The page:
What do Lasik surgery, home mortgages, and Internet access have in common? Frequent flyer miles can be earned for them all. And the list of mileage-earning opportunities grows longer every day.
Even as the universe of travel rewards programs expands, credit cards continue consolidating their position at the programs’ center. In most airline programs, the number of miles earned for credit card use is second only to miles earned for flying, supporting the theory that frequent flyer schemes truly have evolved into frequent buyer programs.
The larger part played by credit cards in loyalty programs has increased the pressure on the cards to distinguish themselves from their competitive counterparts. And that competition is resulting in better deals for consumers.
United’s new card offers “Choices”
The most recent addition to the world of travel rewards cards is the United Airlines’ Mileage Plus Choices Visa card, launched on May 1.
In designing the new card, United took a page from the playbook of Capital One’s No Hassle Miles and other independent cards whose principal claims are that cardholders can redeem miles for any flight, on any airline, with no blackout dates or seat limitations. With so much attention focused on the difficulties associated with obtaining award seats, that promise resonates with many travelers.
When redeeming points earned with the new United card, consumers have two options. First, they can use the points together with their miles earned for activities other than traditional capacity-controlled award tickets. Or—and this is new—they can use the points as partial or full payment for United tickets purchased on the airline’s website, as well as for hotel rooms and car rentals.
Credit card points are worth one cent each when redeemed for tickets, so 25,000 points could be used to purchase a $250 ticket outright, or for a $250 discount when buying a more expensive ticket.
When redeemed for hotel stays or car rentals booked at united.com, the value of points declines to 0.8 cents each.
Cardholders can also choose to exchange 40,000 points for an annual subscription to Economy Plus Access (United’s premium coach section) or up to 50,000 points for as many as 5,000 elite-qualifying miles and five elite-qualifying flight segments per year.
A path paved by Delta
For all United’s crowing about reinventing loyalty programs, its latest card actually follows squarely in the footsteps of a strikingly similar card already on offer from Delta. Like the Choices card, the Delta SkyPoints card, issued by American Express, awards cardholders with points that can be redeemed for discounts on paid Delta tickets.
Points can be used for discounts of 10, 25, 50, or 75 percent off the first $500 of the price of a ticket. So in a best-case scenario, exchanging 20,000 points for a 75-percent discount on a ticket costing $500 or more, the points would be worth $375 or just under two cents per point. That’s a solid value proposition, especially considering that the tickets are purchased and therefore free of the capacity controls that undermine the availability of traditional frequent flyer awards. But consumers must bear in mind that the points’ value diminishes as the price of the ticket decreases. Using 20,000 points for a ticket with a $250 purchase price, for example, would yield a discount of $187.50, and the per-point value would fall to less than one cent.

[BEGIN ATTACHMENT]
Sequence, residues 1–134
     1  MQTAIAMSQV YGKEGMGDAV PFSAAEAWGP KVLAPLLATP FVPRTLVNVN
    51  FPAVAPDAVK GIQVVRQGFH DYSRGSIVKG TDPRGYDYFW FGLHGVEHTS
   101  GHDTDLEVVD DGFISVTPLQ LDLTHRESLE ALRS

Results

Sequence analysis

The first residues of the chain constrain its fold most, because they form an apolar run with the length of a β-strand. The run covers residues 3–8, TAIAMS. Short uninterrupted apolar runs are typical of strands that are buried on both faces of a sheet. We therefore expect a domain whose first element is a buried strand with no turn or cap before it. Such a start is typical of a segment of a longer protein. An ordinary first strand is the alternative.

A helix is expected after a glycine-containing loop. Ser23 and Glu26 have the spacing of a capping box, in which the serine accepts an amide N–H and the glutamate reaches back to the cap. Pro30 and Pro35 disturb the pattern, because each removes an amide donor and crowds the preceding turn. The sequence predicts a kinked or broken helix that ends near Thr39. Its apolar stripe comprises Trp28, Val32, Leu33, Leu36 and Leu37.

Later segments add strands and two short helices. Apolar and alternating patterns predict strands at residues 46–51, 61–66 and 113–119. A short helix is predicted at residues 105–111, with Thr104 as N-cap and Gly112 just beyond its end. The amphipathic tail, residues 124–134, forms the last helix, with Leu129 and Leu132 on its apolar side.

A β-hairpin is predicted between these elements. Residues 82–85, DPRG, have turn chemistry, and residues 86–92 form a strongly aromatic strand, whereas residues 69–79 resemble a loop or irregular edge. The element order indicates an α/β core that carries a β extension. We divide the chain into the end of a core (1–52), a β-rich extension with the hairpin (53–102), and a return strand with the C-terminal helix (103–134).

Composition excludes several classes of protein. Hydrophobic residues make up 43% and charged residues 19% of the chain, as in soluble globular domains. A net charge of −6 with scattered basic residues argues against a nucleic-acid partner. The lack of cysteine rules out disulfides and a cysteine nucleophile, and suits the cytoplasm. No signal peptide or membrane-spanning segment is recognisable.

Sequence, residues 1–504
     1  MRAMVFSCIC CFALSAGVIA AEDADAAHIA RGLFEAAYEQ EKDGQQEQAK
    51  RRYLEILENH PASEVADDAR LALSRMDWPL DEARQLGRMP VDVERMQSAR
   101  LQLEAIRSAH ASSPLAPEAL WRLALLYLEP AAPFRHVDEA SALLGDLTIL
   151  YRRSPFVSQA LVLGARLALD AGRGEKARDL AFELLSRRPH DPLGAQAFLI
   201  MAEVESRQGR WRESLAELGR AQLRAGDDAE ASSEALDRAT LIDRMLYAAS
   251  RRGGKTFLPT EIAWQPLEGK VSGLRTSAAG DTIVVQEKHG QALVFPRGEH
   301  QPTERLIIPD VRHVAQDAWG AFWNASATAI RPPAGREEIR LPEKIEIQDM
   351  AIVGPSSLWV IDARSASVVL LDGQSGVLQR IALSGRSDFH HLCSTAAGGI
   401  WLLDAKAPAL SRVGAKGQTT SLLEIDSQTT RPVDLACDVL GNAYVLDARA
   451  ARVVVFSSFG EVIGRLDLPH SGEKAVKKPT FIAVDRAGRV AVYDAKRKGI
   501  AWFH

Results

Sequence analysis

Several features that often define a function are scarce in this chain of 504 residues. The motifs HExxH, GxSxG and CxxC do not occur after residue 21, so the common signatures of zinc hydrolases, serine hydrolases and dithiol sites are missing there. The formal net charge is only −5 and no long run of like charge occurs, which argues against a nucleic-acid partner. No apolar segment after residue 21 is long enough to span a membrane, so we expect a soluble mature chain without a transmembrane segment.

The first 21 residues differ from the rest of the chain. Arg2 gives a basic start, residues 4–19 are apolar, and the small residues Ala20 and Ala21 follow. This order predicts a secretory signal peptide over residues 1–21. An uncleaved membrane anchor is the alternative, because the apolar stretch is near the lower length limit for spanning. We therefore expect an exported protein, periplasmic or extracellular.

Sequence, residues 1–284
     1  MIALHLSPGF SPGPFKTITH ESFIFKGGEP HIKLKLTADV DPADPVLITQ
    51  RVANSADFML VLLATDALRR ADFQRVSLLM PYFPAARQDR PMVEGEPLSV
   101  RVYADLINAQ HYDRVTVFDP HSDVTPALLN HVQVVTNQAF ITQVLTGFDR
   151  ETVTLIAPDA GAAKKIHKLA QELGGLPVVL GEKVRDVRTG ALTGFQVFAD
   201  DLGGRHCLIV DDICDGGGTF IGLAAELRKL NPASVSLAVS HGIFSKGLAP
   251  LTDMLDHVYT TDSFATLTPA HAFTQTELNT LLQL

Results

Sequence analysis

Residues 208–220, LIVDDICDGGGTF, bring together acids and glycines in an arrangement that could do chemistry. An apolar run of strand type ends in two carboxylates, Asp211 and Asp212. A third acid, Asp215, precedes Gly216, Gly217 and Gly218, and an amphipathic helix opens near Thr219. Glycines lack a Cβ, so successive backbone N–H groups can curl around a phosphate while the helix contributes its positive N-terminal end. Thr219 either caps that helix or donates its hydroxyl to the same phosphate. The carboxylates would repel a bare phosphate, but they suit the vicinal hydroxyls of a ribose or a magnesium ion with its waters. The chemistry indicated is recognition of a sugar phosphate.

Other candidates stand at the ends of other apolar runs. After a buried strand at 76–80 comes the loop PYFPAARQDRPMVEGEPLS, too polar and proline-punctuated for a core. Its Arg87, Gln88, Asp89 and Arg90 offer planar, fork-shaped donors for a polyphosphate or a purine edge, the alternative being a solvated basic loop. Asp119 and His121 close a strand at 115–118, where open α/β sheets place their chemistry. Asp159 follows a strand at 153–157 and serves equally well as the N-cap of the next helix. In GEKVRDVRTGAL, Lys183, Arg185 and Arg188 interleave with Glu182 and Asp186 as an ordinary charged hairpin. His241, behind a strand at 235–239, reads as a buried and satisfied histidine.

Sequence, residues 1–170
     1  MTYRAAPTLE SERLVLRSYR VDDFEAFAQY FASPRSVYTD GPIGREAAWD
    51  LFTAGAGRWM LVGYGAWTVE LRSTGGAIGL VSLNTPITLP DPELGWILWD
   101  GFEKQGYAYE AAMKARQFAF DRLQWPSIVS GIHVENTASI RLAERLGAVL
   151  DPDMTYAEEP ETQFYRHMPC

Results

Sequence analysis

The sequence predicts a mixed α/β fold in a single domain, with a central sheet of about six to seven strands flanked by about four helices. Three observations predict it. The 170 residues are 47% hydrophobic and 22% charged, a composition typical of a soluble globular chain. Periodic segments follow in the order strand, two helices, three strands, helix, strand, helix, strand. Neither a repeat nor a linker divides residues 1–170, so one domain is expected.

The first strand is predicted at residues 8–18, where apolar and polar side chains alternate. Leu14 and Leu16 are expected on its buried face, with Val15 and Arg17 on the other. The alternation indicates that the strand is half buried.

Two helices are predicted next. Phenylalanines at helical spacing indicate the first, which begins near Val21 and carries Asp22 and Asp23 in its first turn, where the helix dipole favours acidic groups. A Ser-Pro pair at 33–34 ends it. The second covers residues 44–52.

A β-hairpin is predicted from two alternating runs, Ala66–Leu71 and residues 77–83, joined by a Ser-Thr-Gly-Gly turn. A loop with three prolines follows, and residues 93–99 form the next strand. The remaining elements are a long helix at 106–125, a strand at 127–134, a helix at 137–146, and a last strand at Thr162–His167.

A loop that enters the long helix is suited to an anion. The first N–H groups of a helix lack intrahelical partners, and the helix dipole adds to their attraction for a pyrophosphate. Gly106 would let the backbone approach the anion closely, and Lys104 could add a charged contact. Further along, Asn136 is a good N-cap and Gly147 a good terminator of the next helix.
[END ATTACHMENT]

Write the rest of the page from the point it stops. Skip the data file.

Comparing the Delta and United cards, United has the edge in allowing points to be redeemed not just for discounts, but for the full price of the ticket as well. And assigning the points a set value of one cent each simplifies the calculation. But for more expensive tickets, the value of Delta points can be as much as double the value of United’s.
Competition ups the ante
In response to competitive pressure generally, and in particular to the more lucrative Delta and United cards, issuers of other airline-affiliated cards have been ratcheting up the benefits.
The Citi Platinum Select AAdvantage World MasterCard and CitiBusiness AAdvantage MasterCard, for instance, normally entice prospects with a 15,000-mile sign-up bonus. But through July 5, Citibank is offering new cardholders 25,000 bonus miles after using the card to charge $250 in purchases.
A recent Northwest promotion is clearly an on-the-fly attempt to neutralize the move by Delta and United to allow credit card points to be used for paid tickets. The airline is temporarily allowing WorldPerks members to redeem 10,000 miles earned with the WorldPerks Visa Signature card for a $100 E-Cert good toward the purchase of tickets direct from Northwest or from a travel agent. E-Certs are delivered within 36 hours after registration and redemption of miles, and cardholders can redeem a maximum of 60,000 miles for six E-Certs through the end of this year.
With new cards or aggressive promotional offers available from American, Delta, Northwest, and United, it’s a safe bet that other airlines have new credit card offers in the pipeline as well.
The short-term effect of heated battles among competing credit cards can be information overload and confusion. But, consumers ultimately stand to benefit from the enhanced cards, both in the form of more miles earned and more options when it comes time to redeem those miles.